Court decisions marked with an asterisk are available on the Court Service web site Decisions and opinions of the ECJ and CFI are available on Decisions of the Trade Marks Registry and the Appointed Person, are available on the Patent Office web site

 BL No.


Earlier Mark

Goods/Services 1



O/325/00 (N.B. not available on web site)

TASTE! (stylised word mark)  Food, drink (30)Application succeeded before the appointed person under section 3(1)(b) in relation to coloured version of mark, but failed in relation to black and white version of the mark. There was sufficient elaboration of the mark as a whole as to give it the 'look and feel' of a trade mark. The mark had to be visually distinctive sufficient to indicate that the goods came from one and the same undertaking. It was necessary to answer that question by reference to what were believed to be the perceptions of the average consumer.




Non-medicated toilet preparations (3)

Opposition failed under sections 5(2)(b) and 3(6). It partially succeeded under section 5(4)(a). Only the opponent's use of their mark in relation to hair products was sufficient to sustain an allegation of passing off. The first words in the marks were entirely different and therefore (with the exception of hair products), in normal and fair use there would be no confusion between the marks.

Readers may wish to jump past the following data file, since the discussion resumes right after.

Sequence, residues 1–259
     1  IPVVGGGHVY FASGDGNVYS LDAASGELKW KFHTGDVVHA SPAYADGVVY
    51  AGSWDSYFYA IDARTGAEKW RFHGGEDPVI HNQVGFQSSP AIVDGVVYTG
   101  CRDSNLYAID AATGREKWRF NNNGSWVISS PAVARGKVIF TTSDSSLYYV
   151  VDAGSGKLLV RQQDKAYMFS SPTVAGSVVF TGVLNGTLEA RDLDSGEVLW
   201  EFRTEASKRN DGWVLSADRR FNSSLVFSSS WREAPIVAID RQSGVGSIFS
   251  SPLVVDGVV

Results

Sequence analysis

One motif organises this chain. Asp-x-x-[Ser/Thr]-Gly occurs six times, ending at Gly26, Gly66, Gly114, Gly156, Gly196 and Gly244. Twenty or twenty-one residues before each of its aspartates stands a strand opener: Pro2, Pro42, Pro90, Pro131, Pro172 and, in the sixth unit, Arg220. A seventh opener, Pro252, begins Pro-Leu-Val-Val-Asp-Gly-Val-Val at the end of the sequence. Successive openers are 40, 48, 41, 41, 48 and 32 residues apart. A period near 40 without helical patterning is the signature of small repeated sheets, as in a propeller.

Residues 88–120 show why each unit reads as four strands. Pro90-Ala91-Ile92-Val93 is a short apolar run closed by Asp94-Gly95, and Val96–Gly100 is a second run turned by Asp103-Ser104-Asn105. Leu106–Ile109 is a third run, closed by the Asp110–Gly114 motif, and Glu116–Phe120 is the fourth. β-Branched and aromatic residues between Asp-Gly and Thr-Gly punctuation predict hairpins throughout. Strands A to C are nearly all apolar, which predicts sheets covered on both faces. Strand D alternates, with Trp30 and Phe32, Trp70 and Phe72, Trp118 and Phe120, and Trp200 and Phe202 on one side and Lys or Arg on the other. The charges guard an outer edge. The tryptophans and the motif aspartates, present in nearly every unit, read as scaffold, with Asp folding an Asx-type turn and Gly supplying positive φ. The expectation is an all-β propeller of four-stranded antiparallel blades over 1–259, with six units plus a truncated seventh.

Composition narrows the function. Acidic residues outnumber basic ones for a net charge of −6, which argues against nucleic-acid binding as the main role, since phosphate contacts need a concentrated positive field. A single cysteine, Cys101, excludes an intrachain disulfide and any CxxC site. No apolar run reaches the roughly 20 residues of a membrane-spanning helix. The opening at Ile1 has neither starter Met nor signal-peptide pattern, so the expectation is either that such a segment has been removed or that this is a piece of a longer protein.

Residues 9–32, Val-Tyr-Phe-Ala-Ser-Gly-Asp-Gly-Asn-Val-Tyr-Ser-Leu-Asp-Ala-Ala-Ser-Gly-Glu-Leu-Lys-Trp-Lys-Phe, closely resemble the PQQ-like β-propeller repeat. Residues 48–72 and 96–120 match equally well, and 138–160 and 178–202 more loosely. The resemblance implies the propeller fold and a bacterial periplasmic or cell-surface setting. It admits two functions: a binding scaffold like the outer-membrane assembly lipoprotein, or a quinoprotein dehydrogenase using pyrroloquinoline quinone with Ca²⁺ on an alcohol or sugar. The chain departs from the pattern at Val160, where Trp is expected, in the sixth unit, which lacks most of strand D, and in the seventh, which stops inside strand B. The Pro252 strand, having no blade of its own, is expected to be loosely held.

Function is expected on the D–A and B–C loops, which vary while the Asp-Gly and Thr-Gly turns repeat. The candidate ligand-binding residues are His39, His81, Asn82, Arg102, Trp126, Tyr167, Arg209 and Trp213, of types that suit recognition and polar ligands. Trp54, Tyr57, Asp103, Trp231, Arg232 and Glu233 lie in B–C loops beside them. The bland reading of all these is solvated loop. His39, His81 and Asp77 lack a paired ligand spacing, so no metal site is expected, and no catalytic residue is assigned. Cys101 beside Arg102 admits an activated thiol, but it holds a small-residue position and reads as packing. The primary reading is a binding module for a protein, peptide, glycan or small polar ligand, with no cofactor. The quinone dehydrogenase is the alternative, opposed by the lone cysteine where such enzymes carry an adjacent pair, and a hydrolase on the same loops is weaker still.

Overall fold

Clothing, footwear, headgear (25)

Application refused under section 3(3)(a). The words were offensive as the goods for which the mark was sought to be registered would be on display in public places. Section 3(3)(a) was not restricted to what were regarded as the most shocking and outrageous of expletives.



THE FLYING SCOTSMAN (Alcoholic beverages, transportation and related services (33, 39, 42))

Videos, stationery, advertising and promotional services, all relating to the Flying Scotsman, leather articles, glassware, clothing, games, sporting articles (9, 16, 18, 21, 25, 28, 35)

Opposition failed under sections 3(3)(b), 3(6), 5(2)(b), 5(4)(a) and 5(4)(b). The applicant was the owner of the Flying Scotsman locomotive. Under section 5(2)(b), the specifications for each of the marks were significantly different. The presence of other FLYING SCOTSMAN marks on the register for unrelated goods supported the conclusion that there was no likelihood of association arising out of the applicant's use of their mark.

1 Indicates goods or services of the applicant only, unless those of the opponent are identical or so close as to be considered identical.

Abbreviation equivalent to word mark

Second Skin Pty Ltd v. Spenco Medical Corporation* (S Rowan; BL O/3/01 and O/4/01; 5.1.01)

In the first decision, Spenco Medical was the proprietor of SECOND SKIN registered in class 5 for bandages, plasters and dressings for medical or surgical use. Second Skin Pty Ltd applied to revoke the mark on the basis that it had not been used; instead the registered proprietor had only used the mark 2ND SKIN in relation to dressings. The application was successful in relation to bandages and plasters, but not in relation to dressings.